Volume 597, January 2017
|Number of page(s)||21|
|Published online||13 January 2017|
Cluster and field elliptical galaxies at z ~ 1.3
The marginal role of the environment and the relevance of the galaxy central regions
1 INAF – Osservatorio Astronomico di Brera, via Brera 28, 20121 Milano, Italy
2 INAF – Istituto di Astrofisica Spaziale e Fisica Cosmica (IASF), via E. Bassini 15, 20133 Milano, Italy
3 Universitá degli Studi dell’Insubria, via Valleggio 11, 22100 Como, Italy
4 Department of Physics and Astronomy, Tufts University, Medford, MA 02155, USA
Received: 6 May 2016
Accepted: 14 September 2016
Aims. The aim of this work is twofold: first, to assess whether the population of elliptical galaxies in cluster at z ~ 1.3 differs from the population in the field and whether their intrinsic structure depends on the environment where they belong; second, to constrain their properties 9 Gyr back in time through the study of their scaling relations.
Methods. We compared a sample of 56 cluster elliptical galaxies selected from three clusters at 1.2 <z < 1.4 with elliptical galaxies selected at comparable redshift in the GOODS-South field (~30), in the COSMOS area (~180), and in the CANDELS fields (~220). To single out the environmental effects, we selected cluster and field elliptical galaxies according to their morphology. We compared physical and structural parameters of galaxies in the two environments and we derived the relationships between effective radius, surface brightness, stellar mass, and stellar mass density ΣRe within the effective radius and central mass density Σ1 kpc, within 1 kpc radius.
Results. We find that the structure and the properties of cluster elliptical galaxies do not differ from those in the field: they are characterized by the same structural parameters at fixed mass and they follow the same scaling relations. On the other hand, the population of field elliptical galaxies at z ~ 1.3 shows a significant lack of massive (ℳ∗> 2 × 1011M⊙) and large (Re> 4−5 kpc) elliptical galaxies with respect to the cluster. Nonetheless, at ℳ∗< 2 × 1011M⊙, the two populations are similar. The size-mass relation of cluster and field ellipticals at z ~ 1.3 clearly defines two different regimes, above and below a transition mass mt ≃ 2−3 × 1010M⊙: at lower masses the relation is nearly flat (Re ∝ Μ*-0.1±0.2), the mean radius is nearly constant at ~1 kpc and, consequenly, ΣRe ≃ Σ1 kpc while, at larger masses, the relation is Re ∝ Μ*0.64±0.09. The transition mass marks the mass at which galaxies reach the maximum stellar mass density. Also the Σ1 kpc-mass relation follows two different regimes, above and below the transition mass (Σ1 kpc ∝ Μ*1.07<mt0.64>mt) defining a transition mass density Σ1 kpc ≃ 2−3 × 103M⊙ pc-2. The effective stellar mass density ΣRe does not correlate with mass; dense/compact galaxies can be assembled over a wide mass regime, independently of the environment. The central stellar mass density, Σ1 kpc, besides being correlated with the mass, is correlated to the age of the stellar population: the higher the central stellar mass density, the higher the mass, the older the age of the stellar population.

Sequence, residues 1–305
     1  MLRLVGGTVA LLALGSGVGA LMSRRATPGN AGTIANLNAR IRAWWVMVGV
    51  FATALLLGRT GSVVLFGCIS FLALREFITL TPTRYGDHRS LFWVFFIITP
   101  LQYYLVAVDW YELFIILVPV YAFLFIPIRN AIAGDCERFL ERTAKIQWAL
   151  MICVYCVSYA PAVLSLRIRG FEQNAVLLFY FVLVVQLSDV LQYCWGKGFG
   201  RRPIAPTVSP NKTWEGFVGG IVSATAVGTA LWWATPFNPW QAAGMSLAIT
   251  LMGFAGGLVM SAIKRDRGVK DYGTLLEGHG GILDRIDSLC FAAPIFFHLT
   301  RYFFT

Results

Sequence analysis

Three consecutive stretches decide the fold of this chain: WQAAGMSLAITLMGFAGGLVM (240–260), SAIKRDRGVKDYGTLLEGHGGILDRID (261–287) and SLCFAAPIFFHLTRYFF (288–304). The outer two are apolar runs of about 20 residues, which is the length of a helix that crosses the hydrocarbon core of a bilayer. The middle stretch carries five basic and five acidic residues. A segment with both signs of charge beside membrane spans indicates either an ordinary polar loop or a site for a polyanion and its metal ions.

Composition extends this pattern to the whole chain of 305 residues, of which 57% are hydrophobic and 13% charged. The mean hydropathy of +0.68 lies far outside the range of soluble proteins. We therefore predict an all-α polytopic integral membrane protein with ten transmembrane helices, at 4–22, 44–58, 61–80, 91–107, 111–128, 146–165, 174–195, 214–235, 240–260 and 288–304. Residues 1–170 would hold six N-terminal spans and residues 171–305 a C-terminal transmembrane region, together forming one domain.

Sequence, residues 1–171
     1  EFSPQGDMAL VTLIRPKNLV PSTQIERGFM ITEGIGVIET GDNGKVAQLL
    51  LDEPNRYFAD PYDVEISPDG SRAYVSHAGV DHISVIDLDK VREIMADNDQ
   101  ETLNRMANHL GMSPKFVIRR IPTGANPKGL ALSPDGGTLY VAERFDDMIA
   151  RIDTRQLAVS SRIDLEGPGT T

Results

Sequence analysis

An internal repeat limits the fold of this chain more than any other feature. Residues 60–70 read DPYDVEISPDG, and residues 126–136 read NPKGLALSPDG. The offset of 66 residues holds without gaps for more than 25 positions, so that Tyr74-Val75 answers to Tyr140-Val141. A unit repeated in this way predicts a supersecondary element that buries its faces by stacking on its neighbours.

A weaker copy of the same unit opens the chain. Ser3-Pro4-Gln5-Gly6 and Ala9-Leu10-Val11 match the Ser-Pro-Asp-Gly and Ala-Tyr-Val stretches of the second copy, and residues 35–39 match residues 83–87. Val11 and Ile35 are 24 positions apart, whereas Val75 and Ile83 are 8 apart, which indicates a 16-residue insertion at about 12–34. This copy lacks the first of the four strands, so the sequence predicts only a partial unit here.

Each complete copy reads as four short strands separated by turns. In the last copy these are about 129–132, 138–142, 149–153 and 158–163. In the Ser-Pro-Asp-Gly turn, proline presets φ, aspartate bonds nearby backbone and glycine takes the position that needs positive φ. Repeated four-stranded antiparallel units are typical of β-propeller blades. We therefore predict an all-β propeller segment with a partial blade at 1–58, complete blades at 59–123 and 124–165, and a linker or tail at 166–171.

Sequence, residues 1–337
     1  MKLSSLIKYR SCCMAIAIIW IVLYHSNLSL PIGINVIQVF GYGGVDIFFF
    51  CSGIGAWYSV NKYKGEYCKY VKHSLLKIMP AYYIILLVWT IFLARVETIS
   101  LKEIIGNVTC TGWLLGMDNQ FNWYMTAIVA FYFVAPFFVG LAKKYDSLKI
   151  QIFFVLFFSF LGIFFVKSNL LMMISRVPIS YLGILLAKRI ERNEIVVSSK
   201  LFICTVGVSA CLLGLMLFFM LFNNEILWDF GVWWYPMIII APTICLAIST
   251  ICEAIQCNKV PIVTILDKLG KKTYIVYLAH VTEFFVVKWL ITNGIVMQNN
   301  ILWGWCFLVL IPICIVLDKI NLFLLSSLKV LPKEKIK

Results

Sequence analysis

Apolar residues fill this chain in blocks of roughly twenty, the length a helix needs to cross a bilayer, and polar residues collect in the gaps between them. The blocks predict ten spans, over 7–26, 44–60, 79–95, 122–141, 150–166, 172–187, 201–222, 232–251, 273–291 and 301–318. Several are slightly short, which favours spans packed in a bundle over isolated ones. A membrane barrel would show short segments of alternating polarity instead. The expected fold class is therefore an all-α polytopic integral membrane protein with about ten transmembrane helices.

Conclusions. While we found some evidence of environmental effects on the elliptical galaxies as a population, we did not find differences between the intrinsic properties of cluster and field elliptical galaxies at comparable redshift. The structure and the shaping of elliptical galaxies at z ~ 1.3 do not depend on the environment. However, a dense environment seems to be more efficient in assembling high-mass large ellipticals, much rarer in the field at this redshift. The correlation found between the central stellar mass density and the age of the galaxies beside the mass shows the close connection of the central regions to the main phases of mass growth.
Key words: galaxies: elliptical and lenticular, cD / galaxies: evolution / galaxies: clusters: general / galaxies: high-redshift / galaxies: formation
© ESO, 2017
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